Wednesday, March 26, 2008

At a Loss

It is a cruel fact of life that the soul's joy and the mind's tranquility are nontransferable. I do not often possess these things, but I have recently acquired them and expect to retain them for a little while, at least. 

Tonight, however, I would gladly give them to an old friend who has recently had a disappointing end to a long struggle. From what she says, it makes no sense to me that her search has not turned up more satisfying answers after all this time. Were she not a dear friend, I might ignorantly suggest half a dozen reasons (insincerity, impatience, etc.) for the situation's outcome. But any explanation I can imagine oversimplifies or sounds canned, and I ache that I have no answers for her.

My only thought is a favorite scripture from the Book of Mormon, and I fear to quote it to her directly (though she will likely read this blog) lest it be too dogmatic (with every negative connotation of the word) at a sensitive time: "Believe in God; believe that he is, and that he created all things, both in heaven and in earth; believe that he has all wisdom, and all power, both in heaven and in earth; believe that man does not comprehend all the things that the Lord can comprehend" (Mosiah 4:9).

From the Mouths of Babes

"Jesus died, but now he lives in the temple."
-Jacob, age 3

Monday, March 10, 2008

The Perpetual Summer of 2004

It is that time again. What time, you ask? Time to let go of everything familiar and venture alone into the unknown. Melodramatic? A little. But you try living with bipolar disorder and severe anxiety disorder and see how stably you handle change.

Earlier tonight I was wishing everything could stay as it is, but then I realized I'm not happy with things as they are. So I wish things could stay as they were. As they were when? I should like to return to the summer of 2004 and stay there forever. My job was boring but it paid well, the hours were flexible, and everyone at the company adored me. I met Shaant after work most evenings, once or twice a week we had cooking lessons, and many nights we spent hunched over the photomosaic puzzle that took us all summer to finish. Ted would meet us at whatever ungodly hour he got off work. Sometimes the boys would ditch me to do something together, but I would make myself dinner and watch the Red Sox, so the evenings alone were usually enjoyable. That summer felt so complete. I felt so complete, connected, settled, wanted. My pleasures were simple, my friendships fulfilling, my worries few. Granted, at the end of August my world came crashing down, shattering into millions of tiny pieces, and nearly four years later I am still finding shards hiding in corners of my mind, waiting to prick or cut me, drawing blood that somehow escapes my body through my eyes in the form of salty clear liquid instead of thick red stuff. But that detail aside, I spent the better part of the summer in pure deluded joy.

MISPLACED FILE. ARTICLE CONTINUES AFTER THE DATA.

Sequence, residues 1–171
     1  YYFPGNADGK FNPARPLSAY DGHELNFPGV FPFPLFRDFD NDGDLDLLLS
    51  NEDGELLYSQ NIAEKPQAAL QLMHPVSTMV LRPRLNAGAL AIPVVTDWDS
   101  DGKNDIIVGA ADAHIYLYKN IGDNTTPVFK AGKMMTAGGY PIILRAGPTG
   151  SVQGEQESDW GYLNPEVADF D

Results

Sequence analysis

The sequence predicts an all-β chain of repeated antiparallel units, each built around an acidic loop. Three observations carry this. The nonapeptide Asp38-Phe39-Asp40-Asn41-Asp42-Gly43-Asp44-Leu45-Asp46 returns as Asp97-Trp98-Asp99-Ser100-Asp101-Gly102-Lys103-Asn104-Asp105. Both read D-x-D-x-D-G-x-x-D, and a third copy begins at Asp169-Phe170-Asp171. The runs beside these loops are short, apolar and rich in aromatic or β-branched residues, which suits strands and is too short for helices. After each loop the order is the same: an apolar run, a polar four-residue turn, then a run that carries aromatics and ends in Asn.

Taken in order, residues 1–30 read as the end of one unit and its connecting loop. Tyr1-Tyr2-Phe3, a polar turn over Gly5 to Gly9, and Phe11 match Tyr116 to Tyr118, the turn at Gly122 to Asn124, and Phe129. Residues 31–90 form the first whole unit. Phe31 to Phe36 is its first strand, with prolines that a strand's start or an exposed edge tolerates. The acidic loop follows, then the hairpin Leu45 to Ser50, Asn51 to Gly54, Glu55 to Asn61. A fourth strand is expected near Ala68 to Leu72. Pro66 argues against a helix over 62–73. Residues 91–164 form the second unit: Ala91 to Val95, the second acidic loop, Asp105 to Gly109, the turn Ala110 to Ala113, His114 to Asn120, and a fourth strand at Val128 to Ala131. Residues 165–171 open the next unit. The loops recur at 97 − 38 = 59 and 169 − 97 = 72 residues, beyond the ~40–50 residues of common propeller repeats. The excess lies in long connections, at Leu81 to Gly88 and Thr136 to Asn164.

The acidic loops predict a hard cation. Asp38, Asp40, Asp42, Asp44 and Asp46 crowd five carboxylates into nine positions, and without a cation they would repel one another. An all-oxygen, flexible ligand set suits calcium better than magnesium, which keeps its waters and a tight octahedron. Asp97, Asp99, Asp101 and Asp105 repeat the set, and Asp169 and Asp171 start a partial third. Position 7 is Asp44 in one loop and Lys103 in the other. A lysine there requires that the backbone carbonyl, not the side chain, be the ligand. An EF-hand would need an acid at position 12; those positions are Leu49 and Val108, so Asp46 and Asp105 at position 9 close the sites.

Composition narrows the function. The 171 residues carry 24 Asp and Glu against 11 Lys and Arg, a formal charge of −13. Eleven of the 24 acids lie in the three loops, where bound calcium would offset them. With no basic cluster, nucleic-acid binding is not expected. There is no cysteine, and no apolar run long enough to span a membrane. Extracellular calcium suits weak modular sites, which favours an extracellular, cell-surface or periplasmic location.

Delusions are a symptom of the manic episodes that occur in bipolar disorder. In an abnormal psychology class (that I dropped after the first week) someone asked why people with bipolar disorder often refuse to take their medications during manic episodes. There are several reasons. My personal reason is that mania feels so good most of the time. You have so much energy, and sometimes you are even deluded enough to believe that you have found true happiness.

I want my delusion back! Or at least I would like a new best friend who will meet me after a long day at my boring job, so we can cook dinner and pore over a difficult jigsaw puzzle and watch a Red Sox game together. *sigh*

Sunday, March 9, 2008

Anna Banana Pants

Tonight at work Russell decided to branch out from his usual nicknames for me, Annanananana and Anna Banana Pants. My new names are Anna Pajama Plannah (Planner) and Anna Manna Hammah (Hammer). But I'm pretty sure Anna Banana Pants will continue to be his favorite.